Memo to Reporters: Follow the Money!

On Hollywood subsidies

When Hollywood actors come to town local reporters often behave more like the president of a fan club rather than reporting in the style of objective observers. The media's obsession with celebrity sometimes leads to spectacles like these:

On Sept. 19, MLive.com posted on its Facebook account asking if anyone has seen Ben Affleck in a Detroit casino.

Then, in a nearly 600-word article from Gannett Michigan on a new movie the actor is shooting in Detroit, the reporter describes Affleck's affection for the city — but never mentions that the state of Michigan transferred $35 million in tax dollars from resident families and businesses to the film's producers, which many regard as corporate welfare.

Instead, the article informs readers that Affleck wore a “Detroit City” T-shirt while doing the ALS ice bucket challenge; says he loves the city; traded in his Japanese cars for Ford and GM cars; attended a children’s party and even went shopping and ate a meal in Detroit.

It also reported that Affleck, who made $35 million as of June of 2014 according to Forbes, had to get off the highway due to an accident and was shocked to see boarded up homes in the city of Detroit.

Without mentioning the $35 million taxpayer gift, the reporter explains why she thinks the movie makers chose Detroit, focusing on the "contrasting beauty and despair" as a good backdrop to the two contrasting superheroes: “Those two sides of Detroit may be one of the factors that make it an appropriate location for 'Batman v. Superman,' a cinematic collision between two very different superheros (sic), Affleck's brooding, mortal Batman and Henry Cavill's outer-space immigrant Superman.”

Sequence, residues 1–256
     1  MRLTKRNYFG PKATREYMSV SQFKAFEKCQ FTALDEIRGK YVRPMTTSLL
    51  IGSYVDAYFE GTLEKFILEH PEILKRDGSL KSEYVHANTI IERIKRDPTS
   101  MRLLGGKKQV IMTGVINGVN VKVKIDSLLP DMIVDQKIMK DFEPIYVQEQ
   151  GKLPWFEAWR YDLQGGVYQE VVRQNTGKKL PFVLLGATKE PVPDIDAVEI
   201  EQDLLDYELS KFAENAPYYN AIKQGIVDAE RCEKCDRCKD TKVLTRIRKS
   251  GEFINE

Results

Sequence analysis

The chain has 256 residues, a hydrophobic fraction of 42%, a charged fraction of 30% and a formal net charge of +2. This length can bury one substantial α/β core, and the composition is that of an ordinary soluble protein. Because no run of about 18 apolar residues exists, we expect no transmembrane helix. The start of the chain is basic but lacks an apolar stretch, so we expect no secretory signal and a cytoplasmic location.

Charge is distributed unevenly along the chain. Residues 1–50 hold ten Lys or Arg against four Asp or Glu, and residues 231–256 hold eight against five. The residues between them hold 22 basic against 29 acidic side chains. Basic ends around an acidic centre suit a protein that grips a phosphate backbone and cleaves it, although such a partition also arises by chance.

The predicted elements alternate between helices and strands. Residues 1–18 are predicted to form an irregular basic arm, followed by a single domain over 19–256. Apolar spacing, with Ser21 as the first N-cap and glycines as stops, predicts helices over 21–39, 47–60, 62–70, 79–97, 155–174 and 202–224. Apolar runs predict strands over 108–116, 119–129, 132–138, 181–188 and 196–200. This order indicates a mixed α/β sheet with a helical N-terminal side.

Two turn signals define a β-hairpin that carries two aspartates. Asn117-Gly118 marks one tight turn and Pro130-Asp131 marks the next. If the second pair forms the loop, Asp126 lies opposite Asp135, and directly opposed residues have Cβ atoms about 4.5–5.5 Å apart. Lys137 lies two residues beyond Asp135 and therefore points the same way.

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This news article is not alone in ignoring the highly lucrative taxpayer-funded handout that brought the production to Michigan and instead chose to romanticize its location choice.

When the one-season bust TV show “Low Winter Sun” was about to debut in 2013, The New York Times published a 2,000-word article about Detroit as location of choice in which the reporter also failed to reveal that the state of Michigan had paid the producers $7 million to film in the city.

Instead, reporter David Carr quoted director Catherine Hardwicke on what attracted her to the city: “She saw a kind of terrible beauty everywhere she looked.”

He also quoted the director: “How could I not make something remarkable here? When we drive or walk around, you see location after location that is amazing and heartbreaking at the same time.”

"Low Winter Sun" was not just a TV show, but a show that was trying “to find meaning amid the rubble.”

“You can find that counternarrative — of a Detroit rising and being rebuilt — right on the set of 'Low Winter Sun,'" Carr wrote.

"Low Winter Sun" lasted 10 episodes.

Detroit has had heartbreaking scenes for decades, many of them also amazing. But the question to ask these actors and directors is, would they still have come if not for millions in taxpayer handouts?

The real answer is suggested by this statistic: There were 140 movies made in Michigan in the 60-plus years from 1946 to 2007, according to the Michigan Film Office.

After then-Gov. Jennifer Granholm signed the law making the tax subsidy the most lucrative in the country, there were 165 movies made from 2008 to 2011.

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